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The Kid Whisperer

I often get asked about where parents can find resources to assist them in the journey of raising their kids.   This is going to sound strange, but I think a dog behavior show might be the most valuable resource available.   Seriously.


My family and I love to watch The Dog Whisperer.   Have you seen this show?   It’s a show on National Geographic TV, and it features Cesar Millan showing up to help solve dog problems.   It’s quite a sight to see these disruptive dogs become well-behaved members of the home.   He uses a few different techniques, much of which includes simply taking charge of the dog.   Go figure, huh?   He says he “rehabilitates dogs and trains humans.” I think what he does is super applicable to parents.

He is constantly warning dog owners to not let emotions dictate how you treat your dog.   He always references humans feeling sorry for the dog, and he says that prevents us from dealing with the dog in a dog-appropriate way.   Parents, can you see this coming?   As parents we can easily be swayed to give our children things based out of our guilt, fear, or both at the same time.   While emotions are a valuable part of any relationship, when raising children we need to stay in the clear.   For instance, let’s say your kid steals something from a friend at school.   He’s caught red-handed, and confesses right away.   Do you back off on any consequences because he’s so upset about his own bad choice, or do you make him face that consequence?   I’ve seen parents be so swayed by the emotions of a situation, that they fail to provide a strong covering of discipline for their kids.

The Dog Whisperer also points out that dogs live “in the moment.” They respond to strong leadership and require “rules, boundaries and limitations” to feel secure and part of the “pack.”   I feel that I could exchange the word dogs, with children.   Am I alone? As a person that works with other peoples kids, let me tell you that this is lacking!   I often hear parents say, “My kids are so much better behaved for you than they are for me.”   I’m not casting magical obedience spells on their children, I just treat them like a dog.   That sounds bad, doesn’t it?   I meant to say that I provide strong leadership and require rules, boundaries and limitations.   Does that sound better?

Cesar always begins the show with an observation of the relationship between the dog and their humans. He often finds that the humans are the ones that must learn a different way to handle their pets.   I have three kids, and each kid forces me to parent them in a different way.   While there are certain standards that are the same for every one of them, I also can’t expect the same reaction out of each of them.   For example, my daughter requires more rules than my boys.   For some reason she seems to want to push the envelope on things and the boys just take it as it comes. Different methods for the same overall goal.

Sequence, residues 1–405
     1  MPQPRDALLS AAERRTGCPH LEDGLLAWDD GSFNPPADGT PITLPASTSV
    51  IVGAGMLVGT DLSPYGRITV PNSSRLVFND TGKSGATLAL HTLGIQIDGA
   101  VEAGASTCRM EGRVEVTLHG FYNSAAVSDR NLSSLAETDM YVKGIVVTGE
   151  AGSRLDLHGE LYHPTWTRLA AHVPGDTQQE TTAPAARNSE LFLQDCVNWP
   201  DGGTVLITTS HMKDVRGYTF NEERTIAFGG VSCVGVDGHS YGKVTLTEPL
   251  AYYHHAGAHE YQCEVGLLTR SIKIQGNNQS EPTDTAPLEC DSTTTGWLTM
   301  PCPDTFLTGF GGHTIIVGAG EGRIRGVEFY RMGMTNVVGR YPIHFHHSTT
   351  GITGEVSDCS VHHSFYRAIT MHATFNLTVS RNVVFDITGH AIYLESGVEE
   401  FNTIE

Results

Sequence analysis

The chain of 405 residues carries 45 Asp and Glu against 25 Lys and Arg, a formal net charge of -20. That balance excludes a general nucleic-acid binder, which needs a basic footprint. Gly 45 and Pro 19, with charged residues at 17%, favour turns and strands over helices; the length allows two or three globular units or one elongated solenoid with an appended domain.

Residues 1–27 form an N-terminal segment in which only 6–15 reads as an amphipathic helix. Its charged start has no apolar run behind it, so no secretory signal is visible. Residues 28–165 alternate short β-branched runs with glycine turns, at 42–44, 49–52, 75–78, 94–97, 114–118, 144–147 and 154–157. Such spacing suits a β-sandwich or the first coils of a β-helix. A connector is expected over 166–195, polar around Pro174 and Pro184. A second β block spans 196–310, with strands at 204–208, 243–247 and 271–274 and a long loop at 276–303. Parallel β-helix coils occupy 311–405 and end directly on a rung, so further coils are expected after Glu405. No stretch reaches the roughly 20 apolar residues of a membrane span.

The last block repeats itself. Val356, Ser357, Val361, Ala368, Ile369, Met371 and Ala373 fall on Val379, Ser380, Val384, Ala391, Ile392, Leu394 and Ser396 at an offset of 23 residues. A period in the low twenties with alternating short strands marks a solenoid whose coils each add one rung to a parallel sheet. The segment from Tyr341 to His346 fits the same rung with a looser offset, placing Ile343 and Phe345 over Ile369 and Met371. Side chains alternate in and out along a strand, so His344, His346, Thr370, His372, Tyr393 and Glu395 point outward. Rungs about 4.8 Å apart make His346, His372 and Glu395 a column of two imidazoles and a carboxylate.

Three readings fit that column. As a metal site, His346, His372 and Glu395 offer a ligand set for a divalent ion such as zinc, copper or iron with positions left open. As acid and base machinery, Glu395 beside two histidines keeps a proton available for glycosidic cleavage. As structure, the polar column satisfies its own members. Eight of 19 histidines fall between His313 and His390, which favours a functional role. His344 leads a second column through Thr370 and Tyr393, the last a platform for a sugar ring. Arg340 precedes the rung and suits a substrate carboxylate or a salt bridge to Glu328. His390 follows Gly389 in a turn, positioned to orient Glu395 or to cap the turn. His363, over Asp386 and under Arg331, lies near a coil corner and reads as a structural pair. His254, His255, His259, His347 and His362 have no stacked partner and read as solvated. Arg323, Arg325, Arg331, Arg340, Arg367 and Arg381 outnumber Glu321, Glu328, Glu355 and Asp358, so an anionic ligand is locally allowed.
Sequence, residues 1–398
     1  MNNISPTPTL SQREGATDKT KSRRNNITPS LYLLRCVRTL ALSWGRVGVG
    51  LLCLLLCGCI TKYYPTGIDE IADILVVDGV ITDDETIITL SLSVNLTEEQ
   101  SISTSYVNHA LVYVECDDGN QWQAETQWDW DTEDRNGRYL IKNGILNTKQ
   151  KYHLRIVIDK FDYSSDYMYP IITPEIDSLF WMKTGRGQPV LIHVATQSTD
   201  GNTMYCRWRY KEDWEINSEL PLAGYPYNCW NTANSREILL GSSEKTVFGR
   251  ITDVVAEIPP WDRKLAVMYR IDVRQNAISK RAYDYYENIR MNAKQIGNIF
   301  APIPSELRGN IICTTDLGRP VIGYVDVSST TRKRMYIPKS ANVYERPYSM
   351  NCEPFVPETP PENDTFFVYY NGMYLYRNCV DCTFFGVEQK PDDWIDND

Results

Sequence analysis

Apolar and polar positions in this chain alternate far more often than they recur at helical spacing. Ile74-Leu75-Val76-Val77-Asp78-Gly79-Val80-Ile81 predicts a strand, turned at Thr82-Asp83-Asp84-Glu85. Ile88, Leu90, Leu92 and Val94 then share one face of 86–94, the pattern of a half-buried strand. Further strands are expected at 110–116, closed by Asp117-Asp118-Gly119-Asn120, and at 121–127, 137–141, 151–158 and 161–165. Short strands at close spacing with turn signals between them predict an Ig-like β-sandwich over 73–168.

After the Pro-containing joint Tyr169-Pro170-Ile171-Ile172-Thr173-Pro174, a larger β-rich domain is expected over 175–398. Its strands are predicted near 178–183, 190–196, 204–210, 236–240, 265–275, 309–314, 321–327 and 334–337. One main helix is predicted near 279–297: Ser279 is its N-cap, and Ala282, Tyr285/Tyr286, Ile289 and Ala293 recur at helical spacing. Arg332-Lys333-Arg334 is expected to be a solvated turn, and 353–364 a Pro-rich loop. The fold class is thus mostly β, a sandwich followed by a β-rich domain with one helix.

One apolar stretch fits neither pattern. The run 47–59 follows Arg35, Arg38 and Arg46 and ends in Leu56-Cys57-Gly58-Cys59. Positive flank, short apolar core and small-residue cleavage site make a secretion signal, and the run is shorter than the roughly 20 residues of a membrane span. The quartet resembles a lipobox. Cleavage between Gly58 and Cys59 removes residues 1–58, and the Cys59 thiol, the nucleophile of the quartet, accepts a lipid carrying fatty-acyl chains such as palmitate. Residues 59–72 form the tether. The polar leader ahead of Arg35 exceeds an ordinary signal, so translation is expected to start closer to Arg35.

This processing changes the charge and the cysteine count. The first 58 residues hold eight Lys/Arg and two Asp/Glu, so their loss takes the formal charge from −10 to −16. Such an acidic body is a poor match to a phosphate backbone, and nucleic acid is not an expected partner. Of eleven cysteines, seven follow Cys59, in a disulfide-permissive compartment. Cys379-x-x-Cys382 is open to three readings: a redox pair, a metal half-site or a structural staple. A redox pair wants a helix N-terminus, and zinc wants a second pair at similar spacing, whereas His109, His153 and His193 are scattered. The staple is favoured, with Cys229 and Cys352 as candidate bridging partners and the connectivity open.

While these lessons learned on The Dog Whisperer are great for parents, but I also want to add that the snapping, shushing, and finger pointing can come in handy with kids as well.   I’m just sayin’.

Jonathan Cliff is married to his wife Starr and they together live out their days with two sons and a daughter. Jonathan serves as one of the Pastors at Grace Community Church in Clarksville, Tennessee; where he works with leaders throughout the city to help develop Christian community that leads to deep and meaningful spiritual friendships. His journey has been an adventurous one, having served in the local church for 15 years in family ministry developing leaders, building environments for kids and students to belong, and encouraging parents to take big spiritual steps with their families.


  1. Starr · September 5, 2009

    We use the principles of the Dog Whisperer more on our kids than we do on the actual dog. The kids are super well-behaved. The dog…not so much.

  2. Lindsey Whitney · October 22, 2010

    Very true. I’ve always secretly seen myself as “an expert” on child-raising. Nine months ago, we had our first child. All my expertise is now gone.

    Already, I can see how things are much tougher with your own kids. Our daughter likes to pull the plugs out of the outlets and then proceed to try and electrocute herself. Obviously not a stellar behavior. When I move her or take the plugs from her, she cries. Who wants a crying cutie? Not me! And yet, I know… crying is probably better than getting shocked by electricity.

    Love your line, “I m not casting magical obedience spells on their children, I just treat them like a dog.”

    The tough part is consistency. When you’re tired. When they are cute. When you’ve done “your share of parenting and now it’s dad’s turn” etc. etc. etc.

    Thanks for this post!